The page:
A secured promissory note traded on the secondary mortgage market remains secured because the mortgage follows the note. CAL. CIV.CODE § 2936 ("The assignment of a debt secured by mortgage carries with it the security."). California codified this principle in 1872. Similarly, this has long been the law throughout the United States: when a note secured by a mortgage is transferred, "transfer of the note carries with it the security, without any formal assignment or delivery, or even mention of the latter." Carpenter v. Longan, 16 Wall. 271, 83 U.S. 271, 275, 21 L.Ed. 313 (1872). Clearly, the objective of this principle is "to keep the obligation and the mortgage in the same hands unless the parties wish to separate them." Restatement (Third) Of Property (Mortgages) § 5.4 (1997). The principle is justified, in turn, by reasoning that the "the debt is the principal thing and the mortgage an accessory." Id. Consequently, "[e]quity puts the principal and accessory upon a footing of equality, and gives to the assignee of the evidence of the debt the same rights in regard to both." Id. Given that "the debt is the principal thing and the mortgage an accessory," the Supreme Court reasoned that, as a corollary, "[t]he mortgage can have no separate existence." Carpenter, 83 U.S. at 274, 16 Wall. 271. For this reason, "an assignment of the note carries the mortgage with it, while an assignment of the latter alone is a nullity." Id. at 274, 16 Wall. 271. While the note is "essential," the mortgage is only "an incident" to the note. Id.

Thus, if FHM has transferred the note, MERS is no longer an authorized agent of the holder unless it has a separate agency contract with the new undisclosed principal. MERS presents no evidence as to who owns the note, or of any authorization to act on behalf of the present owner.

In consequence, because these purported movants are not identified, the motion must be denied on these grounds alone.

B. Competence of Witness

The purpose of the declaration submitted with the motion, which is a mandatory form in the Central District of California,7 is to provide competent evidence supporting the motion for relief from the automatic stay. Competent evidence is required so that "the truth may be ascertained and proceedings justly determined." FED R. EVID. 102. Questions concerning the admissibility of evidence are determined by the court. See id. 104(a).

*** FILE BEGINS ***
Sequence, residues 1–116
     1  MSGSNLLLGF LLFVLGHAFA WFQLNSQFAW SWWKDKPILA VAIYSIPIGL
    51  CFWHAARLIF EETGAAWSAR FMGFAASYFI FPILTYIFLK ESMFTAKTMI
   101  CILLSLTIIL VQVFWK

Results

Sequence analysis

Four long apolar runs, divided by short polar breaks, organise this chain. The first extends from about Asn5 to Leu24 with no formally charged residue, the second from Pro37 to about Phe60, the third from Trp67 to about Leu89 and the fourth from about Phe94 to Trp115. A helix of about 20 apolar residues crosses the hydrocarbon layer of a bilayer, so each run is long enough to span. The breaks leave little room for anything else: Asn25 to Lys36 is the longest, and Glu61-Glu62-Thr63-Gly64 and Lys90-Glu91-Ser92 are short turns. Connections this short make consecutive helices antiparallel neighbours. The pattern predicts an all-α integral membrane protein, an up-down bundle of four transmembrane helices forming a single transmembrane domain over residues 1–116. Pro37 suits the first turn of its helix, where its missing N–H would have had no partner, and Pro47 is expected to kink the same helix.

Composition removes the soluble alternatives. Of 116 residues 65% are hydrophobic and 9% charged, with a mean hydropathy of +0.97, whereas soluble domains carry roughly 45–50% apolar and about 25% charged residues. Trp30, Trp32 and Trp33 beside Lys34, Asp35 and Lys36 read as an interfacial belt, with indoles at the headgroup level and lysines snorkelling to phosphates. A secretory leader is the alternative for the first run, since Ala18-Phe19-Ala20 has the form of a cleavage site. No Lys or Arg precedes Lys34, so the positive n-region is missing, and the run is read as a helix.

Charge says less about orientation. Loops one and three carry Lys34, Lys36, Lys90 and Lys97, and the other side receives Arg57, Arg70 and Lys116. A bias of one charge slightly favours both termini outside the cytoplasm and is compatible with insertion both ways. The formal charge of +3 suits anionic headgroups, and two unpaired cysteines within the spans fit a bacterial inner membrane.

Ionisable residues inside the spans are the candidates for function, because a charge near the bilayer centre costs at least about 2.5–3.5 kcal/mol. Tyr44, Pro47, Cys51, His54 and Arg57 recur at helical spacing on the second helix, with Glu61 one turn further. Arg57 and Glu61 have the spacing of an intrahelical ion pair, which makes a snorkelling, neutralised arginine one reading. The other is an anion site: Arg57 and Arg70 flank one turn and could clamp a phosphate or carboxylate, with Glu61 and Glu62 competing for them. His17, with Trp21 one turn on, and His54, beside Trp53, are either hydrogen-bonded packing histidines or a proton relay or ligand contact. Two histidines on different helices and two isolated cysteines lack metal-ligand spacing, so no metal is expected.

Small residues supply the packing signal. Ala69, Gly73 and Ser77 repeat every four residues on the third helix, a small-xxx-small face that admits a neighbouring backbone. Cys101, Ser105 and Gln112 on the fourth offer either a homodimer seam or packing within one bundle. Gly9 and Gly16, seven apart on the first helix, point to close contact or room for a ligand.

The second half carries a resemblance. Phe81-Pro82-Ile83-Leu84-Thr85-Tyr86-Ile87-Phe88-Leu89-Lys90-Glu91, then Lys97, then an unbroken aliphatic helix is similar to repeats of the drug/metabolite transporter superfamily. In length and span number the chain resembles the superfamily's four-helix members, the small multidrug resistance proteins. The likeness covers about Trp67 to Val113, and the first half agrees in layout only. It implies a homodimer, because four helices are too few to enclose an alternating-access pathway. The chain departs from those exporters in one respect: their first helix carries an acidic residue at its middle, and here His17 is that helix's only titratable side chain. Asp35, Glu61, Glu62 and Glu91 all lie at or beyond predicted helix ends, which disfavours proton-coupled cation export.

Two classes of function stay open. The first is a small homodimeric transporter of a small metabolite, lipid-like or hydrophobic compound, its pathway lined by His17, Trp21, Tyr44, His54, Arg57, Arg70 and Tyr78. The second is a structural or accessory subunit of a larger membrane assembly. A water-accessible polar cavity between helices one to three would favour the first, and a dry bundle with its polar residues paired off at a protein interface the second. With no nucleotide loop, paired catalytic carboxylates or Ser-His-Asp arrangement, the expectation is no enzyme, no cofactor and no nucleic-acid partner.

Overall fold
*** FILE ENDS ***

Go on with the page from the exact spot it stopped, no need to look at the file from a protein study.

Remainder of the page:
While the form of the declaration is mandatory, a moving party is required to modify and supplement it (and show the modifications) to present admissible evidence on every item covered by the declaration. It is manifest that, except for the numbers in paragraphs 6 and 8, Turner made no attempt whatever to assure the accuracy of the declaration.

The general rule is that a witness may only testify as to matters within the personal knowledge of the witness: "A witness may not testify to a matter unless evidence is introduced sufficient to support a finding that the witness has personal knowledge of the matter." Id. 602. MERS has failed to introduce evidence of any kind sufficient to show that Turner has personal knowledge or is otherwise competent to testify as to any matter relevant to the motion before the court.

1. Payments and Amount Owing

Hearsay evidence is not admissible unless an exception to the hearsay rule applies: "Hearsay is not admissible except as provided by these rules. ..." Id. 802. Hearsay is "a statement, other than one made by the declarant while testifying at the trial or hearing, offered in evidence to prove the truth of the matter asserted." Id. 801(c). In his declaration, Turner presented the numbers in paragraphs 6 and 8 for their truth. This evidence was hearsay, and is not admissible unless an exception to the hearsay rule is applicable.